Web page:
You may not know it or acknowledge it, but as a Christian in a contemporary society, you have been impacted and influenced by postmodernism. Not only has it influenced you, but it has had a profound affect on the theology, orthodoxy and worldview of the church. Some attribute it to the devil and in some instances it is an appropriate attribution. But the truth is that we have given place to the devil,thus allowing him to incrementally introduce new concepts which, though not alarming in the immediate scope of things, are certain detriments for the church.
Let me be clear, there is no ultimate defeat in store for the church. That’s an impossibility, not to mention an oxymoron. Yes, we’ll lose some battles and we will experience seasons of oppression. There is persecution, judgment and discipline in store for the church, yet we are more than conquerors. The church is built on and housed in an indestructible force, the Lord Jesus Christ himself (Matt 16:18). As it is personally with the believer, so it is corporately with the church. Greater is he in us than he that is in the world.
To be honest, this is not new. As King Solomon bluntly stated there’s nothing new under the sun. The cycles of change are indigenous to the church; the seasons of growing, pruning and harvesting are embedded within our very fabric. Yet, within the context of what is and what surely is to come, there exists also a counter-intuitive resistance among us. It comes from satan, but but is allowed by God. I think that I understand it and then simultaneously it baffles even the most spiritually astute among us. Why does God allow satan to sow tares (or false converts) among true believers? Its like allowing a convicted rapist into a girls school. I do acknowledge the wisdom of God is far above the finite knowledge of man. I know (perhaps intellectually) why God intentionally hardened Pharoah’s heart, but then again why? Would it not have been easier and less confrontational to just soften Pharoah’s heart and cause him to release the Jews with goodwill?
The will to fight
It should be no surprise to us that our God is confrontational and so was Christ. And so should we be. Our mission as sojourns on this earth is to confront the wicked, God-hating systems and declare the sovereign will of our King. Of course, that will bring us into certain conflict with the emissaries of satan who have falsely positioned themselves as loving, benevolent, peaceful and justice-oriented. We shouldn’t be surprised to know that these individuals are not just in “the world” but they occupy positions of authority in the church. In fact, this is a desired place for them, because greater damage can be done from within than without. They despise the rule of God and are actively working to destroy anything that is created in his image and truly represents his holy nature. Remember the mythological tale of the fall of Troy? The city was impenetrable until the Greeks got inside through deceit. A disease isn’t particularly deadly until it gets inside your body.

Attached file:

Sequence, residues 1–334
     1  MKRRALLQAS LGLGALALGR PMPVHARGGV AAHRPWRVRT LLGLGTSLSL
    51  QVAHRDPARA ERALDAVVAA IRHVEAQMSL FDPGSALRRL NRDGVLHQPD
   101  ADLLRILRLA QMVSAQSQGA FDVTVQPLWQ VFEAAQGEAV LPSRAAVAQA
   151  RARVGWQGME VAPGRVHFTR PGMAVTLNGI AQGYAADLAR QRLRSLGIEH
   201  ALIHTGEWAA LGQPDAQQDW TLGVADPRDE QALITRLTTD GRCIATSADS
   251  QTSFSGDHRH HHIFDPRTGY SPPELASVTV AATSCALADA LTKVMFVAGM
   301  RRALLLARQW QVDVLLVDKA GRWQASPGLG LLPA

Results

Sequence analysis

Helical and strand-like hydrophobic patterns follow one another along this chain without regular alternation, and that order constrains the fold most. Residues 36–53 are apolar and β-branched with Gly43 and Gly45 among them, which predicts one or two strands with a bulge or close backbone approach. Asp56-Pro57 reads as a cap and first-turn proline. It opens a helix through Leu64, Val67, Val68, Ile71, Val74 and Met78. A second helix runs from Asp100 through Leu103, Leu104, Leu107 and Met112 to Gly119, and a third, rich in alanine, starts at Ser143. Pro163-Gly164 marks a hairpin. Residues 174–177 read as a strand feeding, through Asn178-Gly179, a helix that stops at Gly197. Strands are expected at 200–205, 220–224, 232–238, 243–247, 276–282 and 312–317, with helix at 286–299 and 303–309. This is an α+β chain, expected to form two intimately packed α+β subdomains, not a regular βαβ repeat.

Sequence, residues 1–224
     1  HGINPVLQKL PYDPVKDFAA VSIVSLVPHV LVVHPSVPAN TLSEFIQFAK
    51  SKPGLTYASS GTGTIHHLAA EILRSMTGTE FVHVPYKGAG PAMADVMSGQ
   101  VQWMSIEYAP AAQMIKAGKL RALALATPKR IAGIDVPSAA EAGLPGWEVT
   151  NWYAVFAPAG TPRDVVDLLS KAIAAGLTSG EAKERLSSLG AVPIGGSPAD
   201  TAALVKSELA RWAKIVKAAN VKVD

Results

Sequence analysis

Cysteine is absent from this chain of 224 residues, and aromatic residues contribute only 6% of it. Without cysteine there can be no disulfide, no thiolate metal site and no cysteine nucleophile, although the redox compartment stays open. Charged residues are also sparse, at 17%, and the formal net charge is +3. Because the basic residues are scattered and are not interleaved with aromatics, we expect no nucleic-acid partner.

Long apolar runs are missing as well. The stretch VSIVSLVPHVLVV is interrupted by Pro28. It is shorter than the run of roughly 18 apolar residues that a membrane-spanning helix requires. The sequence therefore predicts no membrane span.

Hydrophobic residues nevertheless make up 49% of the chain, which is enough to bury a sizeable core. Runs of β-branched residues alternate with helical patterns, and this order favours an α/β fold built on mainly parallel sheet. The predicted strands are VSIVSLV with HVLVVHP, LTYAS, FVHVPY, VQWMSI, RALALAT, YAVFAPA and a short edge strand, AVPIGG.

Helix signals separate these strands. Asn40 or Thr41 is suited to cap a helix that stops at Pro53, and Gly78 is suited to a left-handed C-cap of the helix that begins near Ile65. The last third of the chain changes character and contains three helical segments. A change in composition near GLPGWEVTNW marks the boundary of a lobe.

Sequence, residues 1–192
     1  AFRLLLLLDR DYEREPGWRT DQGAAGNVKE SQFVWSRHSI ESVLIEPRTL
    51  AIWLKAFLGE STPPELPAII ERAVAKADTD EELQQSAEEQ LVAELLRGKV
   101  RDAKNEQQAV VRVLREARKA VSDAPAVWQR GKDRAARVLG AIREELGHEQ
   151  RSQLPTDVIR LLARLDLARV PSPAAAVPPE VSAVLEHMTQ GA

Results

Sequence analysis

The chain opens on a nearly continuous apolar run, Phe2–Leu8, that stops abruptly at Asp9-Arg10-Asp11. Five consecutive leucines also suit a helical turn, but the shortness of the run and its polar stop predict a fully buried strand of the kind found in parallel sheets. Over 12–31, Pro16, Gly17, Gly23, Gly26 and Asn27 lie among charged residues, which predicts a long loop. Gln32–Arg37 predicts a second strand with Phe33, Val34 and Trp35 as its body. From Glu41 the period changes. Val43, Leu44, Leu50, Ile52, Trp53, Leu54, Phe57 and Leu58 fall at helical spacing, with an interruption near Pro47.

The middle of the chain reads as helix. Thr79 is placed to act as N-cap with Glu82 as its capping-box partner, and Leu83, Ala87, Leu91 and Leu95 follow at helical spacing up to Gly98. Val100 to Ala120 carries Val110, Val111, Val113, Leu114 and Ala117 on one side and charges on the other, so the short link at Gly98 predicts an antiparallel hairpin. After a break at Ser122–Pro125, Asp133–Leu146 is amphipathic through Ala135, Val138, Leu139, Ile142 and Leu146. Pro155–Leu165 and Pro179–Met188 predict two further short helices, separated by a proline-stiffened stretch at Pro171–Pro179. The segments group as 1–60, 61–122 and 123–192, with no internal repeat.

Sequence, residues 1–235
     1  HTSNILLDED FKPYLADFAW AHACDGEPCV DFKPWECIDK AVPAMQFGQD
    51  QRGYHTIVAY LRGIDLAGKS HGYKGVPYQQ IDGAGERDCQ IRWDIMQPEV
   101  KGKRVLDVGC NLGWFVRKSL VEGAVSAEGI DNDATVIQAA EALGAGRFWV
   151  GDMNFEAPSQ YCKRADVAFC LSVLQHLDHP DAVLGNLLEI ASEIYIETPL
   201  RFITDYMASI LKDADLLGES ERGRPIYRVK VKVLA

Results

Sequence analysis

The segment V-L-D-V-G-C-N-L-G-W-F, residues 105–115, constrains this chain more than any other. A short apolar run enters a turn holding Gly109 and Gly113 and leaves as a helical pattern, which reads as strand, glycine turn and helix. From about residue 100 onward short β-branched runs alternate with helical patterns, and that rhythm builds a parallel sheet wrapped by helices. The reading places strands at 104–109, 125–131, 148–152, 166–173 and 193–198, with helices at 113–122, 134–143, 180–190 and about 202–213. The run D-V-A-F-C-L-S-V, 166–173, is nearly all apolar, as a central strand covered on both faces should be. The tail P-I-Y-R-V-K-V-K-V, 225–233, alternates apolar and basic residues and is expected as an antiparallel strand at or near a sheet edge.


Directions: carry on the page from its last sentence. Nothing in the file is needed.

Some do not grasp the entirety of Ephesians 6. Ours is a life of wrestling, struggling and fighting. It is not one of peace and unity. Those are goals, but they cannot be achieved on our own and without the headship of Christ. What’s more, there will be no true peace until every one of Christ’s enemies have been eternally vanquished. All other “peace” is the peace of the world which is at its root is God-less because they seek to achieve human unity without God as head. The UN is the perfect example of this.
Paul writes in Ephesians that saints “wrestle not against flesh and blood, but against principalities, against powers, against the rulers of the darkness of this world, against spiritual wickedness in high places”. Its important to understand the interlocking revelations of this verse. Some pull out the obvious: that we cannot achieve the goals of the Kingdom fighting people. But even that is to be understood in its context. First, satan (and his hierarchy of demonic subordinates) are not disembodied spirits. They can only work through people. Thus, while in the broader context people are not the problem, we must not be naive to think that people are not a major element of the problem. This isn’t jihad or a crusade against infidels. Those are and were tools of satan against mankind. Our struggle is one of living, proclaiming and upholding the righteous rule of our God.